A: Well, there’s been loads of cool metal. The Haunted’s new one, which destroys, I really, really liked it. It’s exactly what I wanted to hear (laughs), because I was a big fan of that early Haunted stuff, before they got a little experimental. I like experimental music, but there are lots of acts doing that better than The Haunted. So I was very happy for them to get back to that. I love the new Mastodon, thought that was epic. I liked the stuff that Max did with Killer Be Killed, I thought that was killer. I got a preview of the new Cavalera Conspiracy album as well, which is pretty brutal. It’s really kind of cool grind that I really enjoy. Opeth, that was a good one. Every Opeth album is a good one, it’s not like I’ve heard one that sucks. It’s been a good year for metal I think.

Q: Have you heard the new Slipknot record yet? There’s another band you wrote a book about.
A: I haven’t, no. I heard that one new song, but I haven’t heard the whole album. But I’m sure I’ll get to very soon, and I’ll probably review it somewhere. It’ll be interesting to see where they’ve gone with that. I didn’t engage that much with All Hope is Gone, the last one, really. I thought it was okay, but I preferred their earlier stuff. So it’ll be interesting to see what they do, post (drummer) Joey Jordison. I hope it’s good.

Q: There’s been plenty of discussion in recent years about when heavy metal’s “old guard” finally call it a day. I was in Europe this year and it seems many of the festivals are still headlined by the same acts. Do you see a new crop of headliners stemming from the current younger bands out there ala Trivium and Five Finger Death Punch?
A: I see a lot of good bands, but I don’t see any bands that are going to be as big Metallica or Sabbath or Maiden. I just don’t see it. I’ve got an awful lot of respect for Trivium, Machine Head, Lamb of God, Slipknot, Rammstein and the rest of them. I really do, I think they’re great bands. But I think the record industry has diminished to the point where those bands can’t exist on that scale anymore, because there’s just not enough money.

What I think will happen is, the festivals will continue, but they will be headlined by smaller bands in five to ten years. But there’s no reason why Metallica, Priest, Sabbath, Motörhead, Maiden, all that lot, they can’t retire and then come and do the odd gig every couple of years until they’re literally 70 years old. Just the occasional one every three years or so, like the Stones do, and I think that’s probably what will happen. We won’t see Metallica doing a two-year tour anymore. We won’t see Maiden doing these massive epic things they do where they fly around the world. You just won’t see it. But you will see the occasional gig every now and then, and that’ll be a real occasion. I can imagine ten years from now, Slayer or whoever doing something just as a one-off, and us all going to see it and it’ll be pretty amazing.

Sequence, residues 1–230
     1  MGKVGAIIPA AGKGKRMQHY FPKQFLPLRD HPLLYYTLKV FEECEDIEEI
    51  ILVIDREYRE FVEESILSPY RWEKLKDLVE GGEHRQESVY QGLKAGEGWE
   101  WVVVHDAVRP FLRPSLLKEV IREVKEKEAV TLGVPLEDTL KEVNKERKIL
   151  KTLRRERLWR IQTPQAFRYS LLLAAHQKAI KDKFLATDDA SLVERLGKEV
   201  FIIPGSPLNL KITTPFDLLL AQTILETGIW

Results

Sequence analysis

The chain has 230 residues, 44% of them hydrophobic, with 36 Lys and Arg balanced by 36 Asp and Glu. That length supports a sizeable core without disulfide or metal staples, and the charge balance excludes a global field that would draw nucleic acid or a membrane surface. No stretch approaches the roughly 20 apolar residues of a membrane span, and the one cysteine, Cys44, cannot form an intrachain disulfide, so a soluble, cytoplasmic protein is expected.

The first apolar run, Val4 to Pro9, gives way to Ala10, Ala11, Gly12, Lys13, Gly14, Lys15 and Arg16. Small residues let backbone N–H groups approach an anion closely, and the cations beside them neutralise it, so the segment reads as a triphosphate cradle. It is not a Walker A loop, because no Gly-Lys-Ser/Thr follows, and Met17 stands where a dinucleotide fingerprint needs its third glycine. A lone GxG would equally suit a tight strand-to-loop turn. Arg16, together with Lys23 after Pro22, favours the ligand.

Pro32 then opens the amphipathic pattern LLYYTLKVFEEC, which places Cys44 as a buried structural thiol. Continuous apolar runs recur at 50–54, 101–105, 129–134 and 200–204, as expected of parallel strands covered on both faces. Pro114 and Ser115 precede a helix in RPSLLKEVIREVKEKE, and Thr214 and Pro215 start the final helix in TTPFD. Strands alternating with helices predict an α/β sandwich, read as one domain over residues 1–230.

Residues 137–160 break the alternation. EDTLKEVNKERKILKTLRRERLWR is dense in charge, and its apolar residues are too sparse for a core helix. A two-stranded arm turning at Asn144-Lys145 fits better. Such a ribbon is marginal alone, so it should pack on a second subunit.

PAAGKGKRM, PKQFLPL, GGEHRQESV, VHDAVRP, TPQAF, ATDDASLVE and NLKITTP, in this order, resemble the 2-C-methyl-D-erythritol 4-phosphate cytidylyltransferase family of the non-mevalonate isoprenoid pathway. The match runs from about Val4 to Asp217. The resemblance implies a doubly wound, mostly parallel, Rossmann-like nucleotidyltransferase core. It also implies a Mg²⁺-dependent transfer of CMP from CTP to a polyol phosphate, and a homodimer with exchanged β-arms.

Q: What’s your view on a band like Kiss potentially taking it one step further, whereby Paul Stanley and Gene Simmons have said that no one is irreplaceable, including them, and that Kiss could continue for some time yet with new musicians?
A: Well, it’s interesting. Gene Simmons has been talking about that for years. I first interviewed him in about ’99, and he mentioned it then. So it’s obviously something they’ve had bubbling under, an idea that they could pass the torch on to impersonators essentially, and you could go and see it. In the case of Kiss, that would totally work. Okay, there’d be a little bit of a leap of faith, but as long as you go and you see the same faces in the same make-up, and the fireworks, the pyro and the same songs and the same vocals, or similar vocals, that would work.

In the case of the bands we’ve just been discussing, that would not work. Because you don’t want to go and see a Bruce Dickinson lookalike, you need to see the actual guy, because he’s not covered in make-up, he’s not wearing a mask and he’s not wearing some sort of stage thing that is tied to his identity. I’m actually full of admiration for Kiss for having the balls to try and do that, you know? I think that’s quite amusing, and Kiss is not really about the music, is it? It’s about the fun, the pyro, the acrobatics and the fucking jumping up and down and breathing fire. It’s not really about the actual person. So I think in that case that would work, but I do not see that working for any other band.

Q: Any famous last words?
A: Only thanks very much for having me on the site, it’s really appreciated, and keep up the good work in Australia.